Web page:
CpG island composition differences are a source of gene expression noise indicative of promoter responsiveness.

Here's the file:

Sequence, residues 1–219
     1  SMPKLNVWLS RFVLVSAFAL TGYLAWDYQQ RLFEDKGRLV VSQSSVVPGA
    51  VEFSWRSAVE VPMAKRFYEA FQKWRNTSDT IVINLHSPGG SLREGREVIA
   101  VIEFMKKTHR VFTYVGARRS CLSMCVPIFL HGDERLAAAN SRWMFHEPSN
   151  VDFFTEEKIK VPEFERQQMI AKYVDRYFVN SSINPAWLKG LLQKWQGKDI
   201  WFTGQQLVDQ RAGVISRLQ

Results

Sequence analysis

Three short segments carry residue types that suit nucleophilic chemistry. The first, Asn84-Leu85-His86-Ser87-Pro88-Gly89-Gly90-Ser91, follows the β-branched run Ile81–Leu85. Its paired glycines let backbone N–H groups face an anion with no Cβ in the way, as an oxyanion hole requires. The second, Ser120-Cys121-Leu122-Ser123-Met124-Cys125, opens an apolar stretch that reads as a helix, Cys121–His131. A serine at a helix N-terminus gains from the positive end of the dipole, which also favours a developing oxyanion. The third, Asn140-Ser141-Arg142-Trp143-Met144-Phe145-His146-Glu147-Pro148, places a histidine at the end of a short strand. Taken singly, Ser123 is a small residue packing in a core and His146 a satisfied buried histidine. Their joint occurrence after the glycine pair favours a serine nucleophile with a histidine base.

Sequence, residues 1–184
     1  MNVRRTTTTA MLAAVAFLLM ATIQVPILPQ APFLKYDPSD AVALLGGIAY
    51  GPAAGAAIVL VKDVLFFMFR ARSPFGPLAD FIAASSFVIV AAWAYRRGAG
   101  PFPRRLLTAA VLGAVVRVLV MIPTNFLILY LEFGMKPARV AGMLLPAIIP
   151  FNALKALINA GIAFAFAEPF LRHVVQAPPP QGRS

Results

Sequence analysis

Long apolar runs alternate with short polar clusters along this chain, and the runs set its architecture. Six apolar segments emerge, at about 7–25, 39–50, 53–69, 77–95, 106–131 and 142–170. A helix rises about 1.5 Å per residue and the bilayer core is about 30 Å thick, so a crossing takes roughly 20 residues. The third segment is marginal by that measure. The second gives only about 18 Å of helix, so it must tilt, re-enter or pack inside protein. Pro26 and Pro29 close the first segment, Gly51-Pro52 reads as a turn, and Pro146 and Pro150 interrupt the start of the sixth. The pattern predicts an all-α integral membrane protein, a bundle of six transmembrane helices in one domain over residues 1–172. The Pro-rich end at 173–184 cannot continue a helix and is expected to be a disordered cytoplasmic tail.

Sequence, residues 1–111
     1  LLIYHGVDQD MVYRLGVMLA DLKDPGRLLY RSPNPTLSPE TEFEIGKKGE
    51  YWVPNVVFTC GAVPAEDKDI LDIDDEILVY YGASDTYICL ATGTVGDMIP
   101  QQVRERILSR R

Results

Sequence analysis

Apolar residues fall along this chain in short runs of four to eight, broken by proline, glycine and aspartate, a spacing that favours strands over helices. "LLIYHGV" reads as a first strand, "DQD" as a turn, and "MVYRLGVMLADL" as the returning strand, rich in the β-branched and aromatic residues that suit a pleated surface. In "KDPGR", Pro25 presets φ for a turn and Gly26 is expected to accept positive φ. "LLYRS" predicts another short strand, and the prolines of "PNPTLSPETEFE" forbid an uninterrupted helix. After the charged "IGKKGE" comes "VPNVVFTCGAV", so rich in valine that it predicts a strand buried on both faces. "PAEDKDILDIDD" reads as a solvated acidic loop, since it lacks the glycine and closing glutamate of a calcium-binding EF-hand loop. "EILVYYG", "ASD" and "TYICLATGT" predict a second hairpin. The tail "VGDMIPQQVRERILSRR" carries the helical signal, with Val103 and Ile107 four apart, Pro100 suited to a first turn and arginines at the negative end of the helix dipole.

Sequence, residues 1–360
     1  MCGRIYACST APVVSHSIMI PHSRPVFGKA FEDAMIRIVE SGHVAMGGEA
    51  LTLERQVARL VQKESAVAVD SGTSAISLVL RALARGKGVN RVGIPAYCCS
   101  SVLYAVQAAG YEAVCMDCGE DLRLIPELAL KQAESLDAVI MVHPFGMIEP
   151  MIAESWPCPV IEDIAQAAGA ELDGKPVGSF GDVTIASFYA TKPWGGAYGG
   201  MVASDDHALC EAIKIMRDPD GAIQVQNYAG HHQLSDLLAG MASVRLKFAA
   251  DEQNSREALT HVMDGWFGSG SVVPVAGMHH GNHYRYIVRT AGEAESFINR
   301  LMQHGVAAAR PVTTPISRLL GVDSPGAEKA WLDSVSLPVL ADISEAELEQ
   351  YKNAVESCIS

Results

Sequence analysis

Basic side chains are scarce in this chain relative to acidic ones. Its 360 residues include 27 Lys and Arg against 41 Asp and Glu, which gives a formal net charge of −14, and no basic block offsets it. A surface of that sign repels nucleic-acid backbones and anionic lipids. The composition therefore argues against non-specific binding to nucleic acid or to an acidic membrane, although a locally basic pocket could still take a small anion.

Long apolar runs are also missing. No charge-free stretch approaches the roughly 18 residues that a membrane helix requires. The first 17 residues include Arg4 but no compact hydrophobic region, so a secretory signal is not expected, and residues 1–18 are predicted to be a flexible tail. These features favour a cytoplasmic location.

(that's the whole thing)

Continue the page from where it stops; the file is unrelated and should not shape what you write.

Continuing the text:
BACKGROUND: Population phenotypic variation can arise from genetic differences between individuals, or from cellular heterogeneity in an isogenic group of cells or organisms. The emergence of gene expression differences between genetically identical cells is referred to as gene expression noise, the sources of which are not well understood. RESULTS: In this work, by studying gene expression noise between multiple cell lineages and mammalian species, we find consistent evidence of a role for CpG islands as sources of gene expression noise. Variation in noise among CpG island promoters can be partially attributed to differences in island size, in which short islands have noisier gene expression. Building on these findings, we investigate the potential for short CpG islands to act as fast response elements to environmental stimuli. Specifically, we find that these islands are enriched amongst primary response genes in SWI/SNF-independent stimuli, suggesting that expression noise is an indicator of promoter responsiveness. CONCLUSIONS: Thus, through the integration of single-cell RNA expression profiling, chromatin landscape and temporal gene expression dynamics, we have uncovered a role for short CpG island promoters as fast response elements.